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Findings suggest gut bacteria, diet may influence brain inflammation

5/11/2016

A new study suggests that bacteria living in the gut may remotely influence the activity of cells in the brain that are involved in controlling inflammation and neurodegeneration. Researchers found evidence that changes in diet and gut flora may influence astrocytes in the brain, and, consequently, neurodegeneration, pointing to potential therapeutic targets.

Investigators at Brigham and Women’s Hospital wanted to know how gut microbiome and brain inflammation are linked, and how diet and microbial products influence this connection. They performed analyses on astrocytes – star-shaped cells that reside in the brain and spinal cord – in a mouse model of MS, identifying a molecular pathway involved in inflammation. They found that molecules derived from dietary tryptophan act on this pathway, and that when more of these molecules are present, astrocytes were able to limit brain inflammation. In blood samples from MS patients, the team found decreased levels of these tryptophan-derived molecules.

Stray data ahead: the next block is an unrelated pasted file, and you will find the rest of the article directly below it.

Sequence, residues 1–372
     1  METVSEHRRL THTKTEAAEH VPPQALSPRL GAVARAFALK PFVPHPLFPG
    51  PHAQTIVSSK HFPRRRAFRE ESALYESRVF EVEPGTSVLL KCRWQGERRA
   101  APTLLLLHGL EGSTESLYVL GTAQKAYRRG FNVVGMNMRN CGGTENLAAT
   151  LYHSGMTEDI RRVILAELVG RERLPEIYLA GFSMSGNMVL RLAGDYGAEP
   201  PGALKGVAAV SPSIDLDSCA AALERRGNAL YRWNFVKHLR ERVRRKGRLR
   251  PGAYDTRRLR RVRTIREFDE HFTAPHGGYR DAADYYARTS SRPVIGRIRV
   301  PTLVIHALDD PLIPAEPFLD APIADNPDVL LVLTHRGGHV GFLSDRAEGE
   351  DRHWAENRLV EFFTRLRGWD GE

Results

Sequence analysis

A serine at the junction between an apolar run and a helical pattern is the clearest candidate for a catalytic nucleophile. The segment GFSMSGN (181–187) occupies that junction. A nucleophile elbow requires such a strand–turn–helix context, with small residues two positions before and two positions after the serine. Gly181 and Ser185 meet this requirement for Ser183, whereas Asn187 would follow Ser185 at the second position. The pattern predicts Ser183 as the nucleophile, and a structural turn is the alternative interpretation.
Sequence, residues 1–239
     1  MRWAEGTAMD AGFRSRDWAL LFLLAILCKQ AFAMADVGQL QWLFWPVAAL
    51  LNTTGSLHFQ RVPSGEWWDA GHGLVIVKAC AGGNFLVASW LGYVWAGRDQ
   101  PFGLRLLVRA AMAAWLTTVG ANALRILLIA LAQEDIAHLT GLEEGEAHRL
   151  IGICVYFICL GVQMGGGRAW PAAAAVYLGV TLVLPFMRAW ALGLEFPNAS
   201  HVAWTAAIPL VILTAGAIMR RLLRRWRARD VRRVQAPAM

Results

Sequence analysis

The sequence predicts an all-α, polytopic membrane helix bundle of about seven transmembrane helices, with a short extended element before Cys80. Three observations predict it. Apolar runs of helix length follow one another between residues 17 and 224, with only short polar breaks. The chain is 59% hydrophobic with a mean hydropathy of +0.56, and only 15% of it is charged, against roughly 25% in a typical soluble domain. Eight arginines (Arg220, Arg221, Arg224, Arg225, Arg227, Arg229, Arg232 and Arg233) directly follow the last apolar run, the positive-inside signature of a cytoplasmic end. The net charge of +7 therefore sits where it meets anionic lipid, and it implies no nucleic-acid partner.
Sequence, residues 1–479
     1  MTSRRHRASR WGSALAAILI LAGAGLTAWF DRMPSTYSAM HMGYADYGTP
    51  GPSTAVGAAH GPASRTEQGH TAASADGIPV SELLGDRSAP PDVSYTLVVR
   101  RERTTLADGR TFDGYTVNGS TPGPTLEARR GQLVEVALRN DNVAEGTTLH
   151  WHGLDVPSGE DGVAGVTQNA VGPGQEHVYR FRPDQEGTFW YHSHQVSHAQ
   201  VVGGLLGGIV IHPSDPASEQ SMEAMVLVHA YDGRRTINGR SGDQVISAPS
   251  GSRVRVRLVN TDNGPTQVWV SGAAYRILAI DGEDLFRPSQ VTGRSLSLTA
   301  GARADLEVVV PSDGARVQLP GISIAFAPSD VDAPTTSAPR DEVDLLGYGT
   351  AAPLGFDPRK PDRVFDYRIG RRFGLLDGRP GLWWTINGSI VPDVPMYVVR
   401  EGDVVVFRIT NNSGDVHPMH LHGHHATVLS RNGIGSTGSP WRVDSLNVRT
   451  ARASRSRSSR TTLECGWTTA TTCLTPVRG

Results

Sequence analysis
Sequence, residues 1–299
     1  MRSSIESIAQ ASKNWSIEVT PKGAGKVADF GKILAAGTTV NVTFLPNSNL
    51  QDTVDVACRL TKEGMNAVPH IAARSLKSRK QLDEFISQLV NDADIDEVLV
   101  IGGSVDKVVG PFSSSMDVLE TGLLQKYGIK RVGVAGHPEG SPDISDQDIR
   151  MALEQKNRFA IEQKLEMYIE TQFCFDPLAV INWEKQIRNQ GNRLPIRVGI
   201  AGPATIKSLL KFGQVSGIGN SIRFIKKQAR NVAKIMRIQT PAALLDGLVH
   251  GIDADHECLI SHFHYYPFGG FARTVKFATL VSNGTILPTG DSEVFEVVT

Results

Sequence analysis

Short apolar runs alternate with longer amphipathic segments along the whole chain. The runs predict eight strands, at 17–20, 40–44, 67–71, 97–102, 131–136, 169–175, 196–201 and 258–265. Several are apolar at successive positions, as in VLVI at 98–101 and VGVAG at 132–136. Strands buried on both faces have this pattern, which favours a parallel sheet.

“For the first time, we’ve been able to identify that food has some sort of remote control over central nervous system inflammation,” said Francisco Quintana, Ph.D., one of the study’s authors. “What we eat influences the ability of bacteria in our gut to produce small molecules, some of which are capable of traveling all the way to the brain. This opens up an area that’s largely been unknown until now: how the gut controls brain inflammation.”

Results of mouse model studies sometimes do not translate to humans and may be years away from being a marketable treatment. However, researchers plan to investigate this pathway and the role of diet in future studies to determine if the new findings can be translated into targets for therapeutic intervention and biomarkers for diagnosing and detecting the advancement of disease. Do not take tryptophan supplements without first consulting a doctor as there can be serious side effects.

The findings were published in Nature Medicine.



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